The bias of the news media is to pretend that something new is happening. Example: Every week that Congress is in session, Speaker of the House John Boehner gives a short on-camera press conference. At today's, in the eyes of reporters, he seemed to be backpedaling on immigration reform. In the LA Times: "Speaker Boehner lowers expectations for immigration reform bill." In MSNBC: "Boehner warns immigration reform is in serious danger." At Fox News: "Boehner hits brakes on immigration overhaul."
What you see here is a mixture of sensationalism and the newness fallacy. What did Boehner actually say? "Listen, there's widespread doubt about whether this administration can be trusted to enforce our laws." Pro tip: For Boehner, "listen" is a sort of verbal tic that commences a line or sentence he's got in the can. He's said the same thing many, many times. And what he was saying there was straight from the current approved talking points.
Look back just four days to the Sunday shows that came after the House GOP retreat. Eric Cantor: "The president [has] got to demonstrate frankly to the country and the congress can trust him in implementing the laws." Paul Ryan: "Here's the issue that all Republicans agree on—we don't trust the president to enforce the law."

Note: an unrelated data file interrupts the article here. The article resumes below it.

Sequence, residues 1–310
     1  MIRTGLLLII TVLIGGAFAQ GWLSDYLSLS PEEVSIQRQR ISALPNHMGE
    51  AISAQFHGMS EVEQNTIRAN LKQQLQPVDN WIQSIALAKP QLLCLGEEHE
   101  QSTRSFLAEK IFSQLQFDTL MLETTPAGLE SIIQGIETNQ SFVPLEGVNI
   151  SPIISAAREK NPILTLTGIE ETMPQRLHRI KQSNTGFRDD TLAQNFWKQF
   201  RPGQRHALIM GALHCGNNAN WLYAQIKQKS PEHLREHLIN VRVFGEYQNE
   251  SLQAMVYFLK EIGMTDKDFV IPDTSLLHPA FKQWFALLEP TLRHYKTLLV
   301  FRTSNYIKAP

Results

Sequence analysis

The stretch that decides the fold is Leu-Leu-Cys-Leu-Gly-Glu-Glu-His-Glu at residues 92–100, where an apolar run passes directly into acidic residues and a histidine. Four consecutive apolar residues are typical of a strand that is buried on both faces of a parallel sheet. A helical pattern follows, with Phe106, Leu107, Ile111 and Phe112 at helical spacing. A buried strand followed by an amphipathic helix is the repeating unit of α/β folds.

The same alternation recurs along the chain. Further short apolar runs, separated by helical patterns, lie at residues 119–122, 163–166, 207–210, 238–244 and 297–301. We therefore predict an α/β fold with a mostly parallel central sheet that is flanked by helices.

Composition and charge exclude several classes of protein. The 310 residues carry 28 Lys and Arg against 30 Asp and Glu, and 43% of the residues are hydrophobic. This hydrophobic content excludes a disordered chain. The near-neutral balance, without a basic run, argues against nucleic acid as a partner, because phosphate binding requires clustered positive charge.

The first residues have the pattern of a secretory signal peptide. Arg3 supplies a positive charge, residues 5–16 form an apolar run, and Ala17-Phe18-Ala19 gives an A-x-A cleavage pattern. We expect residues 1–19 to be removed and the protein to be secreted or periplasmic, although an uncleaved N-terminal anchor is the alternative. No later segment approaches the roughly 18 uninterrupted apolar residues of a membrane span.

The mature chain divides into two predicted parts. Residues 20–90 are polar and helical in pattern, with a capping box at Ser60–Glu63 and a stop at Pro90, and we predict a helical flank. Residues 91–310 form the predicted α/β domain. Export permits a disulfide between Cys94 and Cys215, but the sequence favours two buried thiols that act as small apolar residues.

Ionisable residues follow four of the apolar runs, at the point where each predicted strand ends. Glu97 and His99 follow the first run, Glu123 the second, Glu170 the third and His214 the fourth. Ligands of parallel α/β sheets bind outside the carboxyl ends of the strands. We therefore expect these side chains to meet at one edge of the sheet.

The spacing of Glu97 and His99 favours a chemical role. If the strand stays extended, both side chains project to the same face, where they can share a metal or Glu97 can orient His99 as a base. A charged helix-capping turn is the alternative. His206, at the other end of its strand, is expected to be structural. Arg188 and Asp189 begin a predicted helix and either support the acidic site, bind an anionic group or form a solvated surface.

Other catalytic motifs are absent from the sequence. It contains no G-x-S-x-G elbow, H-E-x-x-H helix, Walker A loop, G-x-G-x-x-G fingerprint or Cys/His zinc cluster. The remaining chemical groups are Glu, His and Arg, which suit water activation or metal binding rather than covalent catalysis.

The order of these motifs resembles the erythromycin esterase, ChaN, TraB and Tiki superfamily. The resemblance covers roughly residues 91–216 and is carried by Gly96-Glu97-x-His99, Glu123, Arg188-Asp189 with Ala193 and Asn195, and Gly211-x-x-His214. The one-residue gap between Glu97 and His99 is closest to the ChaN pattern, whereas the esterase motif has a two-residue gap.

All three of these men think it'd be good for the GOP to pass an immigration bill, and all three know that the bulk of their conference is against it. So they have to couch the proposal in whatever language mollifies the rest of the party. Last summer, it was that (Boehner speaking now) "These big, comprehensive bills, that tend to cause all kinds of problems—the American people get suspicious, members haven't read the bills."
PRI's Todd Zwillich, one of the most perceptive reporters on the Hill, ran this Boehner quote by Chuck Schumer, who's also pretty perceptive. The result:
Schumer, meanwhile calls Boehners immigration remarks caucus management. "I'm not thrown back by it."— Todd Zwillich (@toddzwillich) February 6, 2014
That's not to say that the Congress will actually pass a bill this year. It's just to prove that Boehner was managing his conference and generating the headlines that would not rouse any anti-reform groups.
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